I remenber my grandfather had the so called suicide knob, cool, but you can get an aftermarket wheel, Though I amnot sure if you are familiar with kineseo tape,cool stuff!

Yeah I think maybe you’re going to need to settle for the knob. We call them spinners and they are still available. I don’t necessarily like the thick wheels either but In our Acura with electric steering, it takes very little effort to turn the wheel. Just like the way power steering used to be. You might at least try one to see if that makes a difference or not. It does to me. You have to ask though, I didn’t even know I was getting it until we drove it home. I hate car shopping.

If I recall correctly, suicide knobs slowly disappeared from common automobile use because they became illegal (risk of sleeves getting caught was one reason).

Can anyone confirm or deny my recollection?

I can recall that they went away but I never liked them anyway. I think they just went out of fashion. A quick check shows that they have never been illegal in any state.

@tmbaker‌, have you seen a doctor for your hand ailment? You can also do exercises to increase mobility if you haven’t tried them already. I do that to increase mobility of my left thumb. NSAIDS (aspirin, ibuprofen) can also help. You should see a doctor if you haven’t already before taking NSAIDS daily.

missileman Thank you for the suicide knob/spinner information. I was always told they were illegal and wondered why I saw so many of them They were popular when power steering was uncommon. The OSHA regulation was confusing as every forklift I operated was factory equipped with a knob.

There are specialists that deal specifically with adapting vehicles to accommodate disabilities. You may want to seek one out in your area.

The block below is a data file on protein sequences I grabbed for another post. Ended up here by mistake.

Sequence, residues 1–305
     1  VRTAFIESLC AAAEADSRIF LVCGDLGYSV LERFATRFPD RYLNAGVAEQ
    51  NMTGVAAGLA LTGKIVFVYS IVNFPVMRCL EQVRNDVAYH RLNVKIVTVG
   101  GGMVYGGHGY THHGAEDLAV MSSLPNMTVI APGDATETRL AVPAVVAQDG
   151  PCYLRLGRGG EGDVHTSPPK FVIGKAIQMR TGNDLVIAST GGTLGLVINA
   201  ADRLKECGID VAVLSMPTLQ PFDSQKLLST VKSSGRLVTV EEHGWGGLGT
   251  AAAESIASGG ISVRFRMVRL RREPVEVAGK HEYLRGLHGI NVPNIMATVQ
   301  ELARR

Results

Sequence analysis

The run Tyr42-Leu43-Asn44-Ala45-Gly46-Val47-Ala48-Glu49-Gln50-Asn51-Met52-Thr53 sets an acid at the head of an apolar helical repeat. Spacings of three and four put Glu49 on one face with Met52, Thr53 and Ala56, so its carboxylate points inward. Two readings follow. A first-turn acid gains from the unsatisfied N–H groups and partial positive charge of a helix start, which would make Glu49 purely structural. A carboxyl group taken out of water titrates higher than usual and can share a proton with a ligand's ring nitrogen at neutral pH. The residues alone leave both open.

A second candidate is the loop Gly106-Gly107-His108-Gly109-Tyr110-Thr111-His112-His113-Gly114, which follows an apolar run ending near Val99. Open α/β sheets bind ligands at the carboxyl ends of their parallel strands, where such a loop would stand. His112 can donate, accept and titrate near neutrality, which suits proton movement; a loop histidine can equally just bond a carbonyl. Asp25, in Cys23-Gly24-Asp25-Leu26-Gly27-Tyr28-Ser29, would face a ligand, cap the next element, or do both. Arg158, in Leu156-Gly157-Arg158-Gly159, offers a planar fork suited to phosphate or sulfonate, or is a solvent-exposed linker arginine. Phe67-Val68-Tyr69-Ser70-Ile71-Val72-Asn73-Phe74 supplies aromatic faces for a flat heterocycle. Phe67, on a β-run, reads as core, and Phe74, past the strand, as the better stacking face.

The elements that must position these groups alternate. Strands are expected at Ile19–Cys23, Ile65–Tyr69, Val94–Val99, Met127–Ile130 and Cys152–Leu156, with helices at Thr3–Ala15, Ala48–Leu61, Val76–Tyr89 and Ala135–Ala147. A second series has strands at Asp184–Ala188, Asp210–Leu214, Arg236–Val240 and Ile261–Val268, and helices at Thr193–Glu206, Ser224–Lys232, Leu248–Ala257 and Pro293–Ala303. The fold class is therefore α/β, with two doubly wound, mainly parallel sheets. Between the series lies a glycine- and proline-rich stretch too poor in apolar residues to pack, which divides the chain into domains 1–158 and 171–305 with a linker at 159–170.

You might also want to search the internet for handicap adaptation equipment for cars. I’m sure this’ll take some searching, but it just might bear fruit.

Sincere best.

I’ll second that current steering wheels can be painful to hands. Partly it is the fatter wheel and partly how the wider “spokes” to accomodate all the cruise and audio controls and airbag in the middle limit just where one can place hands. Fatter wheels are not necessarily easier on arthritic hands.

I think you will find that its not really the thickness of the steering wheel that is the problem, but the position of the steering wheel. My experience is that steering wheels have not gotten significantly thicker since 2000. They were much thinner back in the 80’s and early 90’s, but somewhere in the mid 90’s, they got thicker and have remained about the same ever since.

There are no muscles in the human hand, only tendons connected to muscles in the forearm through the carpel tunnel in the wrist, and nerves that also go through the carpel tunnel. At certain angles of the wrist, there can be pain caused that is felt in the hands.

I suspect that over the years, you have found the perfect or almost perfect position for the steering wheel in your present car. Test drives don’t really give you enough time to duplicate that position and there may be some cars that it will be impossible to duplicate that position. The spokes in the steering wheel also play a part in finding that ideal position.

The first step would be to find vehicles with steering wheels that most closely match the one you have now. Then measure the distance from the bottom of your current steering wheel to the front of the seat cushion, or a point on the seat cushion directly below the bottom of the steering wheel.

If you have a small roofing square and a level, use that to measure the angle of the steering wheel. Now when you test cars, you can adjust the steering wheel to approximate your current set up. You may not be able to change the angle so you will want to find vehicles where the steering wheel is about the same as your current one.